Yet another set of brilliant cohorts with sterling education joined politics in drove as interns and assistants to politicians whose ideals they share. And they too, signed up of conviction, not out of power. There is a dangerous of generalization here for surely, in every generation, they are dishonest individuals out mere to acquire power. That seem irrelevant to my circles of friends. In their eyes, I see a cause.
This surprises me greatly. For a generation condemned by others as highly disinterested in politics and societal issues at large, and only out and about listening to unbearable noise on their iPod and out large at night in roaming the city, the manner at which they have come in to shape politics is one big finger to such condescending generalization.
A common criticism directed against idealists is that they are still young and naÃ¯ve. The real world, sooner or later, will break them. This generation of mine, or at least my circles, in a trend so overwhelming like a 50-meter tall wave to a sampan, is different. They are a different kind of idealists where that criticism is a knife to a hard stone.
These idealists recognize harsh reality. Contrary to typical characterization of an idealist, these idealists found their ideals out of disappointment and out of that disappointment, a call to activism.
They have been all over the world. They witnessed it, made judgment about it, made comparison out of it. And they are disillusioned with Malaysia.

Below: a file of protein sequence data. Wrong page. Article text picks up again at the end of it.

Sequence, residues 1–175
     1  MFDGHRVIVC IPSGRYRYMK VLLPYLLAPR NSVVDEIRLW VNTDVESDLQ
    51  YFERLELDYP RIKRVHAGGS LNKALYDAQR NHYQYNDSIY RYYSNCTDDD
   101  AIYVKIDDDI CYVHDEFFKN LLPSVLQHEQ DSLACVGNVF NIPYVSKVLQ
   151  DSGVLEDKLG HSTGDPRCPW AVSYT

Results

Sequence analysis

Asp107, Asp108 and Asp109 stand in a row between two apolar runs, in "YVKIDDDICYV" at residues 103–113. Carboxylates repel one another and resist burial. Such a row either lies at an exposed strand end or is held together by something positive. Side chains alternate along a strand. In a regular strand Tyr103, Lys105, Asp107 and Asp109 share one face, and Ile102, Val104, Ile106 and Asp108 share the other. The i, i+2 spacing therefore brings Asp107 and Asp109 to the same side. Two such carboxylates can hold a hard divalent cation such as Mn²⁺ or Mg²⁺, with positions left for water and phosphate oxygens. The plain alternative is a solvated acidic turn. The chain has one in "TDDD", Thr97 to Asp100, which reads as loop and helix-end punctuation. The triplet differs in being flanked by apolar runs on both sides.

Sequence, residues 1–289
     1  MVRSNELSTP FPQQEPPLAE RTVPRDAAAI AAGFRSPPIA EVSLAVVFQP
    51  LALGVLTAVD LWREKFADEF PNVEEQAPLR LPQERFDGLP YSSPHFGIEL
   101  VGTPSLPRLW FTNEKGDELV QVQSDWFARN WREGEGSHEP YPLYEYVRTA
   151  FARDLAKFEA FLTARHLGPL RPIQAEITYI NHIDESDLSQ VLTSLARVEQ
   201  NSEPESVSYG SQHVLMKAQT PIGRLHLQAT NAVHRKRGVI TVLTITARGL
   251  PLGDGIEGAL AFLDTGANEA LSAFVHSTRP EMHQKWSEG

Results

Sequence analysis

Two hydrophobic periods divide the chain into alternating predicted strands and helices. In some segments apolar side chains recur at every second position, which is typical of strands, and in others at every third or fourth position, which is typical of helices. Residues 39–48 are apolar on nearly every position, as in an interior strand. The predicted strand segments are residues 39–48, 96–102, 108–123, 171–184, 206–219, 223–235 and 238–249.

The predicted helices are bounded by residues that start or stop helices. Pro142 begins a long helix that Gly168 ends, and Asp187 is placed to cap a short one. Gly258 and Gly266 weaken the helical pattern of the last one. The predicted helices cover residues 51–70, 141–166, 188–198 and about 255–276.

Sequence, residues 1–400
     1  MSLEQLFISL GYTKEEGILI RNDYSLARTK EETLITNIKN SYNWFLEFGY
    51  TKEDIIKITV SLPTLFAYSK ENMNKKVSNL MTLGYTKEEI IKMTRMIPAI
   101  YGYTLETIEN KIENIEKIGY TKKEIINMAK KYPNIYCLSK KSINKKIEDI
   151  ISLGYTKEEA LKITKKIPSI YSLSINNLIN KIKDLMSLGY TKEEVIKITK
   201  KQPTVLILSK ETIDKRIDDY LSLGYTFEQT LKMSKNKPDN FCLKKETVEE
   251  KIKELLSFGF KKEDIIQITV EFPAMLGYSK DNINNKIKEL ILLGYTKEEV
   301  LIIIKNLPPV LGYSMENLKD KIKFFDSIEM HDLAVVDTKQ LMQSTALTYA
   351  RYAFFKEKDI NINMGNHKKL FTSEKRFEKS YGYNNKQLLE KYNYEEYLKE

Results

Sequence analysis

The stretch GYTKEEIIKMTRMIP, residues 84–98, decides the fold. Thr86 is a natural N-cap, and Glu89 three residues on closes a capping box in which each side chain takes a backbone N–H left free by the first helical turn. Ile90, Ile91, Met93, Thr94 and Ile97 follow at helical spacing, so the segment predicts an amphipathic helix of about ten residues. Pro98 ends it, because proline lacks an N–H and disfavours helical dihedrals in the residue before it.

They were angry at everything that is true. All promises were broken and they are posed to inherit a broken country with disrepute institutions, diminished national pride and worsening race relations. While the older generations tend to dismiss this generation as unappreciative of past sacrifices, this new breed of idealist activists see that the older generations have failed them.
What else can so comprehensively explain why the nation’s youth, in an unambiguous manner, voted against the establishment in 2008?
The disillusionment is traumatic, but it has hardened, not broken, them.
Rather than consoling themselves, they decide to not tweak their ideals, but almost outrageously go out to tweak reality. They endeavor to close the gap between ideals and reality, to improve the lamentable state that we Malaysians are in.
Perhaps, these circles of mine sit in the outlier and overly privileged in their upbringing. After all, not too many attended the likes of Harvard, Dartmouth, Colby, Berkeley — and, ahem, Michigan — among others.
But experience tells me that outliers exude contagious confidence. The arithmetic mean is susceptible to outliers.
Such confidence is bound for greatness. It is individual confidence that no longer dependent on the State or the community. They are, by themselves, individually, a whole army.
First published in The Malaysian Insider on August 11 2009.